A broader perspective on the coverage of the literature can be purchased by moving from the specific codes to the major coding categories. The major category that subsumes the most frequently used codes is 4--, "party organization," which accounts for nearly one-quarter of all the indexing codes assigned. Code 4--has come to be an indicator of the quality of the literature for coding, parties on the variables in the ICPP conceptual framework. Heavy reliance on party organization codes signifies that the literature discusses parties per se. On the other hand, heavy usage of the 6--codes (political environment) and 7-- (social conditions) exposes a literature that merely mentions parties in passing. Judged by these standards, the Australian literature is very good indeed.

Observations on the State of the Literature

The quality of the literature on parties in any country depends on the way parties are approached as objects of study. Codes 0-- are used to index discussions concerning the "study of parties." In all of our countries, these codes virtually always stand at the bottom for frequency of usage, as they do for Australia. But their incidence of use in indexing the Australian literature is much higher than usual, attesting to the analytical quality of the information. Some 258 pages, 8 percent of the total in the file, were addressed to matters of definition, typologies, functions, theory, approaches, or methods in the study of parties. While not the highest proportion of pages tagged with 0--codes in our study, it is one of the highest and fits with our previous observations on the literature.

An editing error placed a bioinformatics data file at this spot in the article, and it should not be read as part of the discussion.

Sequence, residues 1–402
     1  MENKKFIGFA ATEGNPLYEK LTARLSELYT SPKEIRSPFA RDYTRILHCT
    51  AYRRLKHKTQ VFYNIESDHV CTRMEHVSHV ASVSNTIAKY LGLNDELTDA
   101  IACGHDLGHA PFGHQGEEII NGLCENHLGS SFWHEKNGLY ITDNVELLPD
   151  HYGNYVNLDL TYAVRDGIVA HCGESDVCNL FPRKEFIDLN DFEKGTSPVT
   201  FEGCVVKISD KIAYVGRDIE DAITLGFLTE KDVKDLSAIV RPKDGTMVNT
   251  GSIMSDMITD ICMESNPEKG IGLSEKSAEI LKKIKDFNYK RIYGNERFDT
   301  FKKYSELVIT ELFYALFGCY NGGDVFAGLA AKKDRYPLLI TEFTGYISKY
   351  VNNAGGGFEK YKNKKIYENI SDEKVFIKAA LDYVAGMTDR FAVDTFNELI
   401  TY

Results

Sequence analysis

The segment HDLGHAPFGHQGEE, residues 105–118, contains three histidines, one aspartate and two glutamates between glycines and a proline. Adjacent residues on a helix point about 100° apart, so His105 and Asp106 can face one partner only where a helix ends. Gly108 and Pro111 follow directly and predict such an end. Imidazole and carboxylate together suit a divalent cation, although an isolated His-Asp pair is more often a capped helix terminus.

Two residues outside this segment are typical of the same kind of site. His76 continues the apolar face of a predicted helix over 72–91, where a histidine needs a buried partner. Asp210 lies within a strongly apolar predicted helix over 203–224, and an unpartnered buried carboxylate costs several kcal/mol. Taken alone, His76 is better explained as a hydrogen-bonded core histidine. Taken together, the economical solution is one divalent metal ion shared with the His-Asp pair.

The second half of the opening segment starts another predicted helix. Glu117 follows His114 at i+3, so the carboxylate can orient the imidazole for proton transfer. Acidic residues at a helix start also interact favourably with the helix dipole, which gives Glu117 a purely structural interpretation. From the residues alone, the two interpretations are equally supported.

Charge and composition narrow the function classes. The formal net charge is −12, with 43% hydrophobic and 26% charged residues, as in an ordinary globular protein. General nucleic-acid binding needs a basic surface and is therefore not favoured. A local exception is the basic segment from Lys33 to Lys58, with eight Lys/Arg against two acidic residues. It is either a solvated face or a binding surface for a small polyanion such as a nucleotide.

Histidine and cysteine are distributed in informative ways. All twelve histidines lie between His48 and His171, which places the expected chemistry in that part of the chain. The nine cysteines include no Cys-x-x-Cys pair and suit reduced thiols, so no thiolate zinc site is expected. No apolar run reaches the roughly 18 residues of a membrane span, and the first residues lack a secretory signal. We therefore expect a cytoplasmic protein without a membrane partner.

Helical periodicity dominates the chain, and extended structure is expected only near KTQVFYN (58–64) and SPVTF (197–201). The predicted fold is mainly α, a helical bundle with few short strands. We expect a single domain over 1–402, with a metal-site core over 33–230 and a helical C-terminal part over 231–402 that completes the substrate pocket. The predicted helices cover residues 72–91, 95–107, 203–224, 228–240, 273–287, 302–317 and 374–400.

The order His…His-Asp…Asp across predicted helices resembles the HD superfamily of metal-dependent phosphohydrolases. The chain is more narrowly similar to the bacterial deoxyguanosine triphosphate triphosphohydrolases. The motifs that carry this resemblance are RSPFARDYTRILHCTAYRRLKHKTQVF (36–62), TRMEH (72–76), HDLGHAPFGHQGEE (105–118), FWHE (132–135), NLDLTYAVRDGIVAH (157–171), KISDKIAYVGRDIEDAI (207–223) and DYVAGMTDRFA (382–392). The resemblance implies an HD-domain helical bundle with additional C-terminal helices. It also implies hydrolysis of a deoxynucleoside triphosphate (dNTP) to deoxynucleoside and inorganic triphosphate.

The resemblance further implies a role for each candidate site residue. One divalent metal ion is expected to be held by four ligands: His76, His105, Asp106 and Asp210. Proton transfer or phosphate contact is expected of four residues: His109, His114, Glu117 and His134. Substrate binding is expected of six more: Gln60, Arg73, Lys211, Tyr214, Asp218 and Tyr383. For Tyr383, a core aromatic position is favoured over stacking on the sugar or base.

A second approach to evaluating the quality of the parties' literature in a given country is to analyze the characteristics of the items in the bibliography, document by document. The second table accompanying this essay summarizes our attempt to assess document characteristics by assigning codes to seventeen different "data quality" variables for each of the 154 documents in the file. Only the four most frequent codes for each variable are given in this abbreviated table, (the full set of codes is given in Chapter 14) but those four account for, the most salient features of any file.

We see under "document type," for example, that most of the documents, 60, are journal articles, sections in books supply another 51 documents, -books in whole or part provide 21 citations, and only 9 documents are news features--usually from newspapers. In stark contrast to the Australian situation, the information files for some other countries show news features and even news items as the most common type of document. The scholarly character of the Australian file is confirmed by the fourth data quality variable, "position of author," where academics outnumber journalists by 112 to 16.

The other data quality variables relate much the same story in comparison with the literature for most other countries. Almost half the documents engage in "quantitative analysis," even if it only means reporting some data in tables or text. About one-fifth of the documents provide some "theoretical treatment" of sorts, and almost half are rated above zero on "traditional scholarship," as they attribute their sources of information through footnotes.

In addition to the first fourteen "objective" data quality variables, the indexers coded each document on three "subjective" variables, which are reported in the last three rows in the table. The indexers' overall judgment of quality for any document was never "low," although indexers were forced to accept some low quality documents for files of other countries. Their evaluation of the "author's ideology" was overwhelmingly "centrist," indicating that ideological biases did not complicate the literature. Their judgment of the "author's objectivity," however, found about 8 percent of the documents to be tainted by values of some other sort. Nevertheless, the Australian file, in sum, stands out as one of the best in the ICPP Project.